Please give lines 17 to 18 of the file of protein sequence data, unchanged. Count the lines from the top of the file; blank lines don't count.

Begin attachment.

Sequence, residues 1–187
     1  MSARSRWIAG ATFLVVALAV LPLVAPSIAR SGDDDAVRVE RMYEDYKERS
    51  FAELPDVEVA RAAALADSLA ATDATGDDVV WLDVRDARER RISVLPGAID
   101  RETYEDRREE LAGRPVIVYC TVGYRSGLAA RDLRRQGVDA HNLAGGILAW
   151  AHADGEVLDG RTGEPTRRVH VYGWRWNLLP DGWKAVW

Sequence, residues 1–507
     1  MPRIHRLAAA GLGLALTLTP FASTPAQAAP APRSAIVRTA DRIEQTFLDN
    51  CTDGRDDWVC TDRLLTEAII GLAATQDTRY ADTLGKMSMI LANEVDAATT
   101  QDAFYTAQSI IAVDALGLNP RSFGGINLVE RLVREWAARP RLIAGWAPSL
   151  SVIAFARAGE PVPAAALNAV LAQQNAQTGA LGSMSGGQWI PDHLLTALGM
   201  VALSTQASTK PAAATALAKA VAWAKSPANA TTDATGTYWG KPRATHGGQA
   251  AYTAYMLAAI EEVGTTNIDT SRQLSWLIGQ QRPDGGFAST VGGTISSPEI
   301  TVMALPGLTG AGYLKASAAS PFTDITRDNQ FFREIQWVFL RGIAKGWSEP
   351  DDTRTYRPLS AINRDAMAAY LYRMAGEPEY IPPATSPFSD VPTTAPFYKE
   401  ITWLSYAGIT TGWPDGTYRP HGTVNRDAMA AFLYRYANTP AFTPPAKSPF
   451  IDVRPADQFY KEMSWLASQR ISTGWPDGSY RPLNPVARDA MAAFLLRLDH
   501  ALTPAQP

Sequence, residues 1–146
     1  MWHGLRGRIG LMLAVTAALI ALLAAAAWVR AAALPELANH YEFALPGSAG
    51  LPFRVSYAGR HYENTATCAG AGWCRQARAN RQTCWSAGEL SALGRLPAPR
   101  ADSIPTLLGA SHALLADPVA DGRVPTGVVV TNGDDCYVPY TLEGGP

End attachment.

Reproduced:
   501  ALTPAQP

Sequence, residues 1–146